Posted Saturday, February 12, 2005
In the competitive world of the 20th century, we generally viewed competitors as the enemy. And a competitor was anyone who sold to the same target audience as us - even if they sold a different item. After all, since there was a finite group of customers and a limited amount of money, if they spent it with your competitor, there was less for you.
Fast forward to the 21st century. We have a different view of the world. We now recognize that the pie is big enough for all of us. As Cavett Robert, co-founder of the National Speakers Association, said "The number of slices of pie is only limited by the size of the pie. Just make the pie bigger!" (paraphrased)
So how can you and your competitors create deals that benefit both of you - and your clients? Here are a few ideas:
1. If your competitor sells a product that is similar to yours, joint venture on a mailing to the list of people who have already purchased their product. You can offer your product and share in the profits. People in a target market are rarely satisfied with one item; instead, they will continue to buy items that are similar.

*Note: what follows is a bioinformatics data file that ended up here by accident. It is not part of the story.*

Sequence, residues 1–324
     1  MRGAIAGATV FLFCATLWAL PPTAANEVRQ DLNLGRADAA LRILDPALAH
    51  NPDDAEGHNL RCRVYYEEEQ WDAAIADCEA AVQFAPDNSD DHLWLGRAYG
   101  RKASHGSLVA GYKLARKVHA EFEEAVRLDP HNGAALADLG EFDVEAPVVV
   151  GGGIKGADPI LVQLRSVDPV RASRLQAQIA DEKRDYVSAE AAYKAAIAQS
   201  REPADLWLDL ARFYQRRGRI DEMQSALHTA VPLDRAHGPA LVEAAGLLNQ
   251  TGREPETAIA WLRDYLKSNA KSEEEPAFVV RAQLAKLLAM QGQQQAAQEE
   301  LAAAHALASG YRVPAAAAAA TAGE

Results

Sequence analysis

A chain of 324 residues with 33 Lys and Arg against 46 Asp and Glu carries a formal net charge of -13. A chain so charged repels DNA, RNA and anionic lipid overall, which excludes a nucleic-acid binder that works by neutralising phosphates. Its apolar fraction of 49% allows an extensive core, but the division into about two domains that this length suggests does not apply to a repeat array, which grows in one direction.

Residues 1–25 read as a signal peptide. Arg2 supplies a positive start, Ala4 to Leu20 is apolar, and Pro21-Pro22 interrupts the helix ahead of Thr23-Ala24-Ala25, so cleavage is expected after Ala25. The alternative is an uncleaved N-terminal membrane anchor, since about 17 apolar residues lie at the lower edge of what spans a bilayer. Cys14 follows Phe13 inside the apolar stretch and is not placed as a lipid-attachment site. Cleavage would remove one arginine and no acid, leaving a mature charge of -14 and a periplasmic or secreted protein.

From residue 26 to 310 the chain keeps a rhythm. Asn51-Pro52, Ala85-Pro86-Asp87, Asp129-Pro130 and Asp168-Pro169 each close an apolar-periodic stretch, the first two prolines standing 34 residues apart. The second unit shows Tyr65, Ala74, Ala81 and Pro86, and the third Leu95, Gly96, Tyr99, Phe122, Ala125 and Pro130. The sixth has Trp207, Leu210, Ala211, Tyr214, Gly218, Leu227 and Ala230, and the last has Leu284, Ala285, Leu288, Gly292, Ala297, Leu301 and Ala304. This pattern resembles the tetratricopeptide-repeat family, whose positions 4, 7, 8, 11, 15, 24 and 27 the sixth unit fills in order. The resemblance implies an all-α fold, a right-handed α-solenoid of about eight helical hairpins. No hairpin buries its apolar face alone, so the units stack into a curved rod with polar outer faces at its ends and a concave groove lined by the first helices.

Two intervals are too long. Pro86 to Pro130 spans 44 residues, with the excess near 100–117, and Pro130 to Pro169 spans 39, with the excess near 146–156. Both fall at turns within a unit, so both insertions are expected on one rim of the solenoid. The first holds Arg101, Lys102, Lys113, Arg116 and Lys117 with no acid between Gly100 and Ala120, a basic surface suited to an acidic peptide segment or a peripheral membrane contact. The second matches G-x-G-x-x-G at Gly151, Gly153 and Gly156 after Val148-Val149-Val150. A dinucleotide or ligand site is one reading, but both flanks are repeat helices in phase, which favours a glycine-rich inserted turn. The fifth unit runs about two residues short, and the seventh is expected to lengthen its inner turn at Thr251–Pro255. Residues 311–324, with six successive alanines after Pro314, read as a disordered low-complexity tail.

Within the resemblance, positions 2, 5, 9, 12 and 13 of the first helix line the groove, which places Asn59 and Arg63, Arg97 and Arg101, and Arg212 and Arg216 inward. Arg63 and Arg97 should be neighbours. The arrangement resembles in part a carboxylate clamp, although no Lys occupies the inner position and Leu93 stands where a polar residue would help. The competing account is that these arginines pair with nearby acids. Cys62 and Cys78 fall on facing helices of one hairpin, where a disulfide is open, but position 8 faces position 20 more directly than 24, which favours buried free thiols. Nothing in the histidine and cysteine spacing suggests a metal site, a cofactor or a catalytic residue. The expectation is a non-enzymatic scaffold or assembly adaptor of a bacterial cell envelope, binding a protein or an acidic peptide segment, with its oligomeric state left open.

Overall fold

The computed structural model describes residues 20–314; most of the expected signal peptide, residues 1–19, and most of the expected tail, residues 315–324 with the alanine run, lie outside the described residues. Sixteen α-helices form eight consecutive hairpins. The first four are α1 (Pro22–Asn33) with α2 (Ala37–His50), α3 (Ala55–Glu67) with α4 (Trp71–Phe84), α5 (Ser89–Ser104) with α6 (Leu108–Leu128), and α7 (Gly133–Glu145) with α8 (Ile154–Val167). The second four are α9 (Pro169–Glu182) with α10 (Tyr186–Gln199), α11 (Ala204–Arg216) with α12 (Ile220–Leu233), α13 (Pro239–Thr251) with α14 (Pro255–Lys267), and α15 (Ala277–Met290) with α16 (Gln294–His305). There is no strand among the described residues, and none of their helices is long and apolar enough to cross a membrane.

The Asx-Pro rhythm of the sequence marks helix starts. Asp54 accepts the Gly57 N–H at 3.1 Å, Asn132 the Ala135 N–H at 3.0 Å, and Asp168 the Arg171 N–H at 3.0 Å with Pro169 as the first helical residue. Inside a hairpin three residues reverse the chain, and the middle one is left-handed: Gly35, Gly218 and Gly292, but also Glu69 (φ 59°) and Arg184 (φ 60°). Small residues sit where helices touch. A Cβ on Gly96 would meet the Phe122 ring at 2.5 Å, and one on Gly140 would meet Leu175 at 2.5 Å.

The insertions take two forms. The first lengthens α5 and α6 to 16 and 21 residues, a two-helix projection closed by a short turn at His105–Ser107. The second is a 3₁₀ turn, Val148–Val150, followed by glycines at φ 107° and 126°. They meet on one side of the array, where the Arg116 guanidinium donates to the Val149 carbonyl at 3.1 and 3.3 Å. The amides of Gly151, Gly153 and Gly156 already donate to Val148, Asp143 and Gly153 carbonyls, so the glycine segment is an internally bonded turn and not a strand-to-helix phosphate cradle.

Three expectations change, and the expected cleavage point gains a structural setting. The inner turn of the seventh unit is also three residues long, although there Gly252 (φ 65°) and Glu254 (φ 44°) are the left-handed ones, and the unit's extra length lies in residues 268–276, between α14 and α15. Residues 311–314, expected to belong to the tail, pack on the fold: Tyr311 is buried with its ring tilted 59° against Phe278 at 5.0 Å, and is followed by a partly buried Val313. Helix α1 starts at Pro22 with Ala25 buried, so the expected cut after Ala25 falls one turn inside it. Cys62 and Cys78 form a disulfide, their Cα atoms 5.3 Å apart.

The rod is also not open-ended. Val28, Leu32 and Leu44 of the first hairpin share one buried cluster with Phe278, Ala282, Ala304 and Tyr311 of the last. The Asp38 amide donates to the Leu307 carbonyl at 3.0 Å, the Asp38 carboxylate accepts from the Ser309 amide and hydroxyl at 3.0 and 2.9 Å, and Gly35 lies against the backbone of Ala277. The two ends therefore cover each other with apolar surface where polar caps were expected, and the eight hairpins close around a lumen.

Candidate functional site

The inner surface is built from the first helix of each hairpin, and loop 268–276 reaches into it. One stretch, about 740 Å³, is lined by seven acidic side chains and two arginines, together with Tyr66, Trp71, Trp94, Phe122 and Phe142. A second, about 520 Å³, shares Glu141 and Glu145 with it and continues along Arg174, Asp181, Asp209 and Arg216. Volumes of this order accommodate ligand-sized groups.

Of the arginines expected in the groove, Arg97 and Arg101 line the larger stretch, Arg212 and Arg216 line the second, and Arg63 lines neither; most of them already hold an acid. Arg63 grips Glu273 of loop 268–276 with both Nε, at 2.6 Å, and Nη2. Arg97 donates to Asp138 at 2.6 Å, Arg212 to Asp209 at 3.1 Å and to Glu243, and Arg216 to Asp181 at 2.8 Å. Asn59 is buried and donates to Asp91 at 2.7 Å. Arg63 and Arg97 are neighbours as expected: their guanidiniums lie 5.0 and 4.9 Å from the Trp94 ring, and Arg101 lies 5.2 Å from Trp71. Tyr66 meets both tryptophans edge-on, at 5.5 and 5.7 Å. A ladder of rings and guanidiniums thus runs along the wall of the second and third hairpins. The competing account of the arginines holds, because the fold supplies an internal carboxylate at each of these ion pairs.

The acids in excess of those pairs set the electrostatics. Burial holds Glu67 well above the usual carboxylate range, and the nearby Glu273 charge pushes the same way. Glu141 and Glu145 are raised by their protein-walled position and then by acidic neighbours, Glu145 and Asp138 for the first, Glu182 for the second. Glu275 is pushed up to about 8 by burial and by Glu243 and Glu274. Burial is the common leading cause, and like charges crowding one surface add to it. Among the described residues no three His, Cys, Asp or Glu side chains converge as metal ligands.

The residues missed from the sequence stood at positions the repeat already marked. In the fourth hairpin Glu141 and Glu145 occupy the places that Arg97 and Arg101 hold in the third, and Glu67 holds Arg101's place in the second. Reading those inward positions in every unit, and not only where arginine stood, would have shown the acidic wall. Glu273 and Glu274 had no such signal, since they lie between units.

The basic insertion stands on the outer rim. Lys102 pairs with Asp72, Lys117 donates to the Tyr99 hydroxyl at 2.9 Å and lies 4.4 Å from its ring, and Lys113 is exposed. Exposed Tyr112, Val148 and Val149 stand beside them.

2. If your competitor publishes a book, ebook, or website, ask them to refer people to your site as a resource site. This can be included in their product or as a follow-up email to their clients.
3. If you offer a member site, ask your competitor to refer people to your site - for an affiliate commission. For example, SellYourBrain.com is a member site that helps people finish information projects like ebooks. The natural competitors are ebook authors who tell people how to write ebooks. However, by their referring their purchasers to SellYourBrain, the client is more likely to finish their ebook - making the ebook author look better in their eyes.
4. In turn, offer your competitor's product for sale on your member site. Again, SellYourBrain offers a monthly discount coupon good toward the purchase of ebooks on how to write ebooks.
5. When you're interviewed for a story about your product or service, offer to give the reporter related resources. The reporter will love having additional people to round out the story and your competitors will appreciate your referral. You come out as the hero to both groups.
Joel Christopher, noted online list-building expert, uses the phrase "co-opetition". That's a good word to adopt. Look for ways to build cooperation with your competition - so that your clients and prospects are the winners.
About the Author
Dr. Jeanette Cates is an Internet strategist who works with experts who are ready to turn their knowledge and their websites into Gold. Her reputation as a speaker and trainer has earned her the title of The Technology Tamer. Jeanette shares her news and views in OnlineSuccessNews.com